BlazeDS and LCDS RPC Call Ordering

Wed, 14 Sep 2011 09:11:00 -0700

I'm working on a project that is performing "real-time saving" of data in a Flex UI. In other words, if they do something in the UI, that change is saved to the database automatically, rather than waiting until the user presses a save button. One concern we had was what happens if multiple requests are sent to the server, and for whatever reason some take longer to complete than others? i.e. you send RequestA then RequestB, and RequestA takes 10 seconds but RequestB takes 1 second. Which would mean the database would end up being wrong, with the data from RequestA being the last version saved. How can we make sure that the final state persisted in the database is actually the current state, and not the last request that happened to complete? A number of options were thrown on the table, including implementing a client and/or server-side queue, or building logic to verify that the current state in the client matches the persisted state. While mulling this over, one of my colleagues noticed an interesting line in the LCDS documentation:
Channels also impose an order to the flow of messages sent to the server and the order of corresponding responses. Order is important to ensure that interactions between the client and server occur in a consistent, predictable fashion.
It's rather vague, but we read that to say "even though you think your calls to the channel are asynchronous, they actually aren't." Which, even though it is not what I thought was going on at all, would mean that the problem I mentioned earlier actually isn't a problem at all. Tom Jordahl was kind enough to respond to an email and discuss this. I then ran a number of tests locally to confirm the behavior. It turns out that calls to Messaging Channels are totally asynchronous, but calls by the same client to the same RPC Channel are synchronous. Which means if you send RequestA then RequestB, they will be processed in that order and the results will come back in that order. Regardless of how long either of them take to complete. You can still run asynchronous RPC calls from the same client, but they would have to call different Channels. So the option is there if you need it. I wanted to blog this because I've been using remoting for a long time and never knew this. In fact, I always assumed the opposite was true. So, this is a big deal for two reasons: if you need to ensure the order of your RPC calls, you can. And conversely, if you think your RPC calls to the same Channel are running asynchronously, they actually are not! And this applies whether you're using a Java back end with BlazeDS/LCDS, or using ColdFusion with its BlazeDS integration.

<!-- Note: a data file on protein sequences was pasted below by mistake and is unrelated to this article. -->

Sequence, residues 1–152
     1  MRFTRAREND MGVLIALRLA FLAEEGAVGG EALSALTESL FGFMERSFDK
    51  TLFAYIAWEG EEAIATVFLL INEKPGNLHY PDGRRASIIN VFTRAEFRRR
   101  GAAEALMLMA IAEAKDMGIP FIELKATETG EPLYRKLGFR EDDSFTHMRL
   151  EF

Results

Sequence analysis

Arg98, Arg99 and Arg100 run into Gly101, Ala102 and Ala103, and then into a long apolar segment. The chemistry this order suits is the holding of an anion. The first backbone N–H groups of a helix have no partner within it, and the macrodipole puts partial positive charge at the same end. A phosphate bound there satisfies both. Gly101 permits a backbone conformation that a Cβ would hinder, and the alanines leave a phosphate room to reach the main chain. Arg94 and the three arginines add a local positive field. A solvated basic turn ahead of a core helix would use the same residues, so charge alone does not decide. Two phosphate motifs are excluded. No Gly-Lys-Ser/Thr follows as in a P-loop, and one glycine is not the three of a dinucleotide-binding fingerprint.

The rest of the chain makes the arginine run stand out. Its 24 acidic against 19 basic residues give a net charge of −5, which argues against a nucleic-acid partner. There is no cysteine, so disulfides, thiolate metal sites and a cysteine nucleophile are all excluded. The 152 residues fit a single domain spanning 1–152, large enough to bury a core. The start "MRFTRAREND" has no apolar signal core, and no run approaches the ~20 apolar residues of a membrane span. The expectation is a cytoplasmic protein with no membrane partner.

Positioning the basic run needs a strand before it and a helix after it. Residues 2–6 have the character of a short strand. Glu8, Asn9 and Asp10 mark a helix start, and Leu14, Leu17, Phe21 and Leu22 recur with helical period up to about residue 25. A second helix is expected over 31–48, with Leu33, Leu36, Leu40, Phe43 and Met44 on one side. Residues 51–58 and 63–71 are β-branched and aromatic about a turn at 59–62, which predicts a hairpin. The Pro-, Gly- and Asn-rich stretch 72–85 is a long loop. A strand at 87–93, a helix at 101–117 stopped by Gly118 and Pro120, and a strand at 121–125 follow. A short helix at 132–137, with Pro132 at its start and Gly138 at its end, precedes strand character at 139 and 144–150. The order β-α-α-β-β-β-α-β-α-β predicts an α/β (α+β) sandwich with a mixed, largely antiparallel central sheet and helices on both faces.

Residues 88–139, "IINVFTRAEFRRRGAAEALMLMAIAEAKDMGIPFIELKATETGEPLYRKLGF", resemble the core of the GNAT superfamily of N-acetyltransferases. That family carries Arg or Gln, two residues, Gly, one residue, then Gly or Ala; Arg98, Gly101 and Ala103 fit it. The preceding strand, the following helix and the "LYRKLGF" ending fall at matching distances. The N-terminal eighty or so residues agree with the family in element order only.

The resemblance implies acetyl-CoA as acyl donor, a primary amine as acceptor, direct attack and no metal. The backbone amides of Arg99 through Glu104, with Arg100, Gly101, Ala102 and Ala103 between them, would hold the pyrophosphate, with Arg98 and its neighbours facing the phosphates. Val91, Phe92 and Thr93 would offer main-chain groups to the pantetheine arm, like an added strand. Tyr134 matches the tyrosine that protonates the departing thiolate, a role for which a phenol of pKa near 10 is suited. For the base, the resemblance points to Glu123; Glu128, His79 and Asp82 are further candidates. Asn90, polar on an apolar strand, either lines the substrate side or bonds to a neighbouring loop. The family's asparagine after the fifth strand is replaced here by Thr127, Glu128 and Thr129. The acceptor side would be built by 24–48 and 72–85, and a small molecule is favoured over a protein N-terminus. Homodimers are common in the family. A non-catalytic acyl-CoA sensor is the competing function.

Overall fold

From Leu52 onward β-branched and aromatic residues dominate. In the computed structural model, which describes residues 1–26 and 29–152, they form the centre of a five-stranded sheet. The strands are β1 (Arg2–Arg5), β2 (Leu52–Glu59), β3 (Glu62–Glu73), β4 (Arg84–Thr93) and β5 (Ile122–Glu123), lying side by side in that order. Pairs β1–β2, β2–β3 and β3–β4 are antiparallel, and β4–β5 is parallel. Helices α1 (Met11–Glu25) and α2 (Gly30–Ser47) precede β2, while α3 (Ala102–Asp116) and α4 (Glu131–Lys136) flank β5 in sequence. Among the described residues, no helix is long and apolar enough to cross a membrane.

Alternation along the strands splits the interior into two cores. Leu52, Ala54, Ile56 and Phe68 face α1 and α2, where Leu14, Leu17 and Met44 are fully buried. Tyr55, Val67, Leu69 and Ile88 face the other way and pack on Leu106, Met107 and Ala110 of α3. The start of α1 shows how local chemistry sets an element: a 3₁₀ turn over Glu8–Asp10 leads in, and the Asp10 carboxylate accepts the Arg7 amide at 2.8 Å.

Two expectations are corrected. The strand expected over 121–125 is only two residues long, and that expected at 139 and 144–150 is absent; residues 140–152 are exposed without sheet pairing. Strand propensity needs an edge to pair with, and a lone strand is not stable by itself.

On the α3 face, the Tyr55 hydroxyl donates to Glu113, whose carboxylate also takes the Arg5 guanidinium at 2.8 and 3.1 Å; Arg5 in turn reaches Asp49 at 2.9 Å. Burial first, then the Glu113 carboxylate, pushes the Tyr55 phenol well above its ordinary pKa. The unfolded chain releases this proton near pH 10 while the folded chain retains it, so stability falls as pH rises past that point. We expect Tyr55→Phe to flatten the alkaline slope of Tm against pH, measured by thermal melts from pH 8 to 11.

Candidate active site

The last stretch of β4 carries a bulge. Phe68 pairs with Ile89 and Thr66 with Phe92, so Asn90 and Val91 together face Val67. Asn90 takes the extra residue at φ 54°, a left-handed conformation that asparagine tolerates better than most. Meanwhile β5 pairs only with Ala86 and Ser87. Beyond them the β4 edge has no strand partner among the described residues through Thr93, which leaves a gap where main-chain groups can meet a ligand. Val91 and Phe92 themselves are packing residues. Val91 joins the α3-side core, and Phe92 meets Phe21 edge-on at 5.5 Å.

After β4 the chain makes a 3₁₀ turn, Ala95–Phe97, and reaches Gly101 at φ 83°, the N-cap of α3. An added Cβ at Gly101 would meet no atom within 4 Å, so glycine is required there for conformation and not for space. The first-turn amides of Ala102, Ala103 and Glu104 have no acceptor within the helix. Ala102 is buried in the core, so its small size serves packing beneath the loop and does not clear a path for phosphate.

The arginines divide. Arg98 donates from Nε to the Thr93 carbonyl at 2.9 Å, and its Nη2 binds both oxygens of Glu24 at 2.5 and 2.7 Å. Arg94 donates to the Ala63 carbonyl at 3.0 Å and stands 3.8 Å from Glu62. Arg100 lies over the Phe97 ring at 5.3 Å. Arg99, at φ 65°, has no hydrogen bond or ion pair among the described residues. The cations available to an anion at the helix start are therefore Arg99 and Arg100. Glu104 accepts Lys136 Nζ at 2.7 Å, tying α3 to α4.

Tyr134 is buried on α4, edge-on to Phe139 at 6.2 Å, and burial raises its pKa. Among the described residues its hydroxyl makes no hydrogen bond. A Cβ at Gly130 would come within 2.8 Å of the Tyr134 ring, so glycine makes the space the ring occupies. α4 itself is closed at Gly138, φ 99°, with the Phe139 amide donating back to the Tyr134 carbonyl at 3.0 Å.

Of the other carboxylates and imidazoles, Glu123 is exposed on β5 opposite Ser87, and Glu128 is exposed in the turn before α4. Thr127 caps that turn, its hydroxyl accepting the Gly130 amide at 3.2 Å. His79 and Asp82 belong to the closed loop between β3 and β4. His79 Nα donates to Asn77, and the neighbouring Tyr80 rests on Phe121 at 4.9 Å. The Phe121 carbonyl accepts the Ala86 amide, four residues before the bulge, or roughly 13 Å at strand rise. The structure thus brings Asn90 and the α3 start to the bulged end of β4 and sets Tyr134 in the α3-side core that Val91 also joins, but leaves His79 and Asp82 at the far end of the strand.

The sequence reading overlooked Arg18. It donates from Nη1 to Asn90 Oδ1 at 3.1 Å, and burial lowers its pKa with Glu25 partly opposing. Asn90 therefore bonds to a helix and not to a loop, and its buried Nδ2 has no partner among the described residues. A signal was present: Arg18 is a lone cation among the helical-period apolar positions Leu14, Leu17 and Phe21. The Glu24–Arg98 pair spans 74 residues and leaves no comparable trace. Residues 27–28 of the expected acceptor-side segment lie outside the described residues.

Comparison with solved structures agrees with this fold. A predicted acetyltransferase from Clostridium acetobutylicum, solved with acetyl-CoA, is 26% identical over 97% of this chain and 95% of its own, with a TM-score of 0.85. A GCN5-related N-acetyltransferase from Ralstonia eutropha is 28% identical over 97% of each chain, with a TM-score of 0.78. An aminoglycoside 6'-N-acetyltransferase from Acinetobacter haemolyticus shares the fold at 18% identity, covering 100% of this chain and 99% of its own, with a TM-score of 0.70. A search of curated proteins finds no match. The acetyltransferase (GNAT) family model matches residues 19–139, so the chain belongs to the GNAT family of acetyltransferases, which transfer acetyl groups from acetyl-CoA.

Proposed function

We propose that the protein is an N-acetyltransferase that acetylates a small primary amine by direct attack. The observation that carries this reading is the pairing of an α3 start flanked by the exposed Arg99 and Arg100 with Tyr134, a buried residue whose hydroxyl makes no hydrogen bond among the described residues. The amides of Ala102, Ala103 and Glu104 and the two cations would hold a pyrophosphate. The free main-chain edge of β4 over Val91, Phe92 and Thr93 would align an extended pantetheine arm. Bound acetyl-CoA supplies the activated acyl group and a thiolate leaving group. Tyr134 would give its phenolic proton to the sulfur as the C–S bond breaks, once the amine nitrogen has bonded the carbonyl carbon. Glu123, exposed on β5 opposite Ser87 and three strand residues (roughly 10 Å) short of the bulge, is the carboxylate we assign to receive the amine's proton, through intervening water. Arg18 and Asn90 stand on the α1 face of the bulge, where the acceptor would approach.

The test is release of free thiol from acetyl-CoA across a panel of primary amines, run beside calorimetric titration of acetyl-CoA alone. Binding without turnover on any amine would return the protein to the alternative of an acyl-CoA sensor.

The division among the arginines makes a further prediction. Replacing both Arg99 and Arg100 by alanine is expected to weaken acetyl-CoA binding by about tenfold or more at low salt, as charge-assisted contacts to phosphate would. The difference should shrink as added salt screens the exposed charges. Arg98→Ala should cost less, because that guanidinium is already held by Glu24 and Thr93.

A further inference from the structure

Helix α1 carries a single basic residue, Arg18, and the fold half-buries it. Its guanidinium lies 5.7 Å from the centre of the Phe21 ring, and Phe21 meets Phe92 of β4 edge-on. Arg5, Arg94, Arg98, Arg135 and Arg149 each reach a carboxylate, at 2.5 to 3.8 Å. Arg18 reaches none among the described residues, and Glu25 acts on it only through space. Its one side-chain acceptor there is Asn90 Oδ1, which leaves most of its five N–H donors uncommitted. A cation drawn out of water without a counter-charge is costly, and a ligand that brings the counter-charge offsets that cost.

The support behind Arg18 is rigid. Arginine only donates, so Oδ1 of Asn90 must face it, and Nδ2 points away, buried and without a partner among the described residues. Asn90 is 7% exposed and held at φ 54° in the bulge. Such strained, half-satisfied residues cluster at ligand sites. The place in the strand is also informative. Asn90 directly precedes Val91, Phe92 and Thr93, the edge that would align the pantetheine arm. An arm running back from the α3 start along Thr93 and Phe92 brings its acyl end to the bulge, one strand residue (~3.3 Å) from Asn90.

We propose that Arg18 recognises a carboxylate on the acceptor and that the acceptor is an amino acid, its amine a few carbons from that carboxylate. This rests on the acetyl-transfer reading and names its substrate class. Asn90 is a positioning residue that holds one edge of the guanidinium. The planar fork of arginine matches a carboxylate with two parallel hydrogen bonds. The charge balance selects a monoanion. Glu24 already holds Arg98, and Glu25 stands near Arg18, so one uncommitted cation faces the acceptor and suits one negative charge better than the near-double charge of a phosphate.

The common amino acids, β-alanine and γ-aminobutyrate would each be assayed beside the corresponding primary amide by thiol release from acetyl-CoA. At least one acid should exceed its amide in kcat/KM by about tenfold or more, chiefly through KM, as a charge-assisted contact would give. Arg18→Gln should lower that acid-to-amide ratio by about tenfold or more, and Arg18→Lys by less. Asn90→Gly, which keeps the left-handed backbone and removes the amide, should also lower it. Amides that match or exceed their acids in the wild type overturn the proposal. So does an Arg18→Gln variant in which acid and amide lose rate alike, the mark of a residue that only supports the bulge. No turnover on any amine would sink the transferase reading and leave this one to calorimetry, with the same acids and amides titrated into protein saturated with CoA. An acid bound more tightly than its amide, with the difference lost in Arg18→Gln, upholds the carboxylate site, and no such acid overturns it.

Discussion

Swiz 2.0 Beta, Now with AOP!

Tue, 06 Sep 2011 13:11:00 -0700

In case you missed it, the Swiz team has made Swiz 2.0 Beta available. It includes the much-anticipated Aspect-Oriented Programming (AOP) features that have been in the works for a long time. AOP is incredibly powerful, and having done a lot of work with Spring, ColdSpring, and Spring.NET, it is hard to overstate the potential impact of AOP for Flash. I also want to give a shout out to Maxim Porges, who spearheaded the effort to bring true bytecode generation to Flash with his Loom project. Without his effort this just wouldn't be happening. For now, you can find full details on the new AOP features in the Swiz blog! As things get more stable, you can expect the Swiz documentation to incorporate this as well.



Spark Skins, Components, and Presentation Models

Thu, 14 Jul 2011 12:37:00 -0700

In the Flex 3.x world, I adopted the Presentation Model pattern and applied it just about everywhere. Separating the non-view logic made perfect sense, far better than the code-behind approach, and cleaned up the view components wonderfully. Then Spark came along in Flex 4, and things have changed. The framework now has built-in support for separating the "view" (skin) from the "controller" (host component). As I've been using skinning more and more, I've come to wonder if or how the presentation model approach applies in the Spark skin world. To try and answer that question, I created a fairly simple but non-trivial test application that creates the same views and behavior in three ways. I've heard each of these three ways mentioned at various times by various people, so I used them as the most commonly proposed options:
  • Supply a presentation model to both the skin and the host component, and let it act as a bridge between the two. In other words, the skin knows nothing about the host component, and the host component knows nothing about the skin. Create the PM as a self-contained set of methods and properties that can be applied to any relevant skin or host component. In essence, if the skin is the "view" and the component is the "controller", the PM is the "model" in this mini-MVC configuration.
  • Supply a presentation model to only the host component, and have the host component push state into the skin. In this case, the skin knows nothing about the host component, but the host component it tightly coupled to the skin.
  • Drop the presentation model approach completely. All behavior and properties are held in the host component, and the skin binds to host properties and invokes methods on the host. In this setup, the host knows nothing about the skin, but the skin is tightly coupled to the host.
After building all of these, there are pros and cons to each approach. And some definitely seem to have more pros or more cons than others. The one thing I tend to focus on is what kind of change and what kind of reuse each approach allows for. If you view the running test application, you'll see I've noted some thoughts on each in the sidebar. View source is also enabled, so if you want to look through the code or download it, feel free. I'm very interested to hear other people's thoughts on this as well. So if you have an opinion on this, or any issues with how I've built any of these versions, by all means please comment below!



Swiz Console 1.2, and an introduction to AOP in ActionScript

Wed, 06 Jul 2011 10:35:00 -0700